How Thomas Aquinas’s Theory Of Scripture Explains Why Jimmer Fredette Is The Hinge On Which Modern Mormonism Pivots
By February 9, 2011
(Part whatever of my ongoing investigation into the cultural intersections of religion and basketball; part I, on the intertwining cultural meanings of Mormonism and the Utah Jazz, can be found here; part II, a review of the religious pilgrimage of Cleveland Cavaliers bit player Lance Allred, here; part III, on the Puritan antecedents of LeBron James nemesis Dan Gilbert, here.)
The author of Holy Scripture is God, in whose power it is to signify His meaning, not by words only (as man also can do), but also by things themselves. So, whereas in every other science things are signified by words, this science has the property, that the things signified by the words have themselves also a signification. Therefore that first signification whereby words signify things belongs to the first sense, the historical or literal. That signification whereby things signified by words have themselves also a signification is called the spiritual sense, which is based on the literal, and presupposes it. Now this spiritual sense has a threefold division. For as the Apostle says (Hebrews 10:1) the Old Law is a figure of the New Law, and Dionysius says [Coel. Hier. i] “the New Law itself is a figure of future glory.” Again, in the New Law, whatever our Head has done is a type of what we ought to do. Therefore, so far as the things of the Old Law signify the things of the New Law, there is the allegorical sense; so far as the things done in Christ, or so far as the things which signify Christ, are types of what we ought to do, there is the moral sense. But so far as they signify what relates to eternal glory, there is the anagogical sense.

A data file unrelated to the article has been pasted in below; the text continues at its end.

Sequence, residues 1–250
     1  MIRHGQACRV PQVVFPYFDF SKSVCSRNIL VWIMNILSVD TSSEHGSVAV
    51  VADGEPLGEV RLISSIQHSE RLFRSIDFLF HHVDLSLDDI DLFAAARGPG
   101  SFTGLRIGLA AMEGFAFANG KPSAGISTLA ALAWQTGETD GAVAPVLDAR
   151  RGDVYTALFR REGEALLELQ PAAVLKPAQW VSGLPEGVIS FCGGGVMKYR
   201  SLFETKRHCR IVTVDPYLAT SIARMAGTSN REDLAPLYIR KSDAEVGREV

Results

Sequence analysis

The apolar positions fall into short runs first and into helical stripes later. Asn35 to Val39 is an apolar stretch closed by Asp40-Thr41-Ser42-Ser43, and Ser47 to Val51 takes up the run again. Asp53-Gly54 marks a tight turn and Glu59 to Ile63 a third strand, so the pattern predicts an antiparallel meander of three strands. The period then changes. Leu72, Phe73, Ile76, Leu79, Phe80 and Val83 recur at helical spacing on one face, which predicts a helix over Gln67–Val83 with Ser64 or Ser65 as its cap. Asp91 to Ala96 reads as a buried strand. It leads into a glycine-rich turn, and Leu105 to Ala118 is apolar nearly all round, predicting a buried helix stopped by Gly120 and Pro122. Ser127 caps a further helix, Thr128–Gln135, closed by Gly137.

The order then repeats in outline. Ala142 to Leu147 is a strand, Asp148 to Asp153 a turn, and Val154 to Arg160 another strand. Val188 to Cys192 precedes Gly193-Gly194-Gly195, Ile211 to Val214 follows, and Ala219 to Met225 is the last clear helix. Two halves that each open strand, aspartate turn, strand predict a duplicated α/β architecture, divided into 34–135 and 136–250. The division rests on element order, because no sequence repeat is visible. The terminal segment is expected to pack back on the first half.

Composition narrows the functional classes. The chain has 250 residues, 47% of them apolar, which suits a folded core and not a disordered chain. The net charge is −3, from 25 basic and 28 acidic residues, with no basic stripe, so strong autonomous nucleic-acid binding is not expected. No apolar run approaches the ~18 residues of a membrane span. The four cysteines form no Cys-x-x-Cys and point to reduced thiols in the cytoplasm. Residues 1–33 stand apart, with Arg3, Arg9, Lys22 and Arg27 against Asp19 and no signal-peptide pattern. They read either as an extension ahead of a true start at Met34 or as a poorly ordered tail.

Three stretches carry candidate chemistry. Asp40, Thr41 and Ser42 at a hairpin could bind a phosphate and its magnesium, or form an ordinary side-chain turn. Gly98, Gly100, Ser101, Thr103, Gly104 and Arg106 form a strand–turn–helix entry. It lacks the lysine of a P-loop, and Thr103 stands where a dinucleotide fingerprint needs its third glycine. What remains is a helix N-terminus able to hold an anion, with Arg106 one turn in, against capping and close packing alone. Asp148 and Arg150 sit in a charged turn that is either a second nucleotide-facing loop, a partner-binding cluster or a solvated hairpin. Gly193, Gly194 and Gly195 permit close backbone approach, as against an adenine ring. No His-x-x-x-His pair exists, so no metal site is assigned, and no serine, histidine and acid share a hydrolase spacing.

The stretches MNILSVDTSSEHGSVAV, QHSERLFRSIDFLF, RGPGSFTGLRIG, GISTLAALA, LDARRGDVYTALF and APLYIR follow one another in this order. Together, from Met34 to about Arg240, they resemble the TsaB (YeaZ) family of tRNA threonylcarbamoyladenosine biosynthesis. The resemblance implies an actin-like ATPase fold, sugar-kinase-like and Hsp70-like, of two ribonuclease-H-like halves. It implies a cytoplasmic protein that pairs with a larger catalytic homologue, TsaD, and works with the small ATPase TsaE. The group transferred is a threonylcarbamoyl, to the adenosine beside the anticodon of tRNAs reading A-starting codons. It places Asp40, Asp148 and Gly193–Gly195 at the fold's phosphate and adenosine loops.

– Thomas Aquinas,Summa Theologica 1.1.10.
Like Walt Whitman, and Holy Scripture properly understood, Jimmer Fredette contains multitudes.